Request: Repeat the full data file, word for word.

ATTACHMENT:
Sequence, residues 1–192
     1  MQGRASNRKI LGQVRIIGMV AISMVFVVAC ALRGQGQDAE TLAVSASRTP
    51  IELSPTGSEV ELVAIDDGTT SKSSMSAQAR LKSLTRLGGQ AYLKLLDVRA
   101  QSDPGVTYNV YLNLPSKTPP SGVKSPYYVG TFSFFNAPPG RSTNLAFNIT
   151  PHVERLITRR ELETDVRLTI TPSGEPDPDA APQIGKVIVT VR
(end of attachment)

Sequence, residues 1–192
     1  MQGRASNRKI LGQVRIIGMV AISMVFVVAC ALRGQGQDAE TLAVSASRTP
    51  IELSPTGSEV ELVAIDDGTT SKSSMSAQAR LKSLTRLGGQ AYLKLLDVRA
   101  QSDPGVTYNV YLNLPSKTPP SGVKSPYYVG TFSFFNAPPG RSTNLAFNIT
   151  PHVERLITRR ELETDVRLTI TPSGEPDPDA APQIGKVIVT VR